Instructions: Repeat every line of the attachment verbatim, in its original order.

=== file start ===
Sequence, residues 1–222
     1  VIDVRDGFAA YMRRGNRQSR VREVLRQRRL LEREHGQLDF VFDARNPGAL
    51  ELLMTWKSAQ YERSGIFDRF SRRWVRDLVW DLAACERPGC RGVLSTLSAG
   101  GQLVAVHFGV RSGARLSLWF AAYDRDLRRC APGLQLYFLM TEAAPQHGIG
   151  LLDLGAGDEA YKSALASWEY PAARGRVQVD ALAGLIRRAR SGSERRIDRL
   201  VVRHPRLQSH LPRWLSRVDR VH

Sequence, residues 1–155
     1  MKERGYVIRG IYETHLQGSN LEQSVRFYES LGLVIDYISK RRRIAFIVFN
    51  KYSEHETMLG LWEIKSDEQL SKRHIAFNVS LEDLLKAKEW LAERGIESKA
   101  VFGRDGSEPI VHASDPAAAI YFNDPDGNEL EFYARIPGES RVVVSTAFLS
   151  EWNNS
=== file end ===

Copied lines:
Sequence, residues 1–222
     1  VIDVRDGFAA YMRRGNRQSR VREVLRQRRL LEREHGQLDF VFDARNPGAL
    51  ELLMTWKSAQ YERSGIFDRF SRRWVRDLVW DLAACERPGC RGVLSTLSAG
   101  GQLVAVHFGV RSGARLSLWF AAYDRDLRRC APGLQLYFLM TEAAPQHGIG
   151  LLDLGAGDEA YKSALASWEY PAARGRVQVD ALAGLIRRAR SGSERRIDRL
   201  VVRHPRLQSH LPRWLSRVDR VH

Sequence, residues 1–155
     1  MKERGYVIRG IYETHLQGSN LEQSVRFYES LGLVIDYISK RRRIAFIVFN
    51  KYSEHETMLG LWEIKSDEQL SKRHIAFNVS LEDLLKAKEW LAERGIESKA
   101  VFGRDGSEPI VHASDPAAAI YFNDPDGNEL EFYARIPGES RVVVSTAFLS
   151  EWNNS